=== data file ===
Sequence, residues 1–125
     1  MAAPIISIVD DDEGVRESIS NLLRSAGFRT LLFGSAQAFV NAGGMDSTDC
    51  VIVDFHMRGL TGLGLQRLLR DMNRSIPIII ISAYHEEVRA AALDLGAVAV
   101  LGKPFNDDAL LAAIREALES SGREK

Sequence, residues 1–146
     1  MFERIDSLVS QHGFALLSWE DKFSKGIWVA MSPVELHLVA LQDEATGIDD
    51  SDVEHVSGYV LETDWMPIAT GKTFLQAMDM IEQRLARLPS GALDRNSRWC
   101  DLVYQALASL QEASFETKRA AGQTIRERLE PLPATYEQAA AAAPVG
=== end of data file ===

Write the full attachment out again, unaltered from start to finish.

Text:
Sequence, residues 1–125
     1  MAAPIISIVD DDEGVRESIS NLLRSAGFRT LLFGSAQAFV NAGGMDSTDC
    51  VIVDFHMRGL TGLGLQRLLR DMNRSIPIII ISAYHEEVRA AALDLGAVAV
   101  LGKPFNDDAL LAAIREALES SGREK

Sequence, residues 1–146
     1  MFERIDSLVS QHGFALLSWE DKFSKGIWVA MSPVELHLVA LQDEATGIDD
    51  SDVEHVSGYV LETDWMPIAT GKTFLQAMDM IEQRLARLPS GALDRNSRWC
   101  DLVYQALASL QEASFETKRA AGQTIRERLE PLPATYEQAA AAAPVG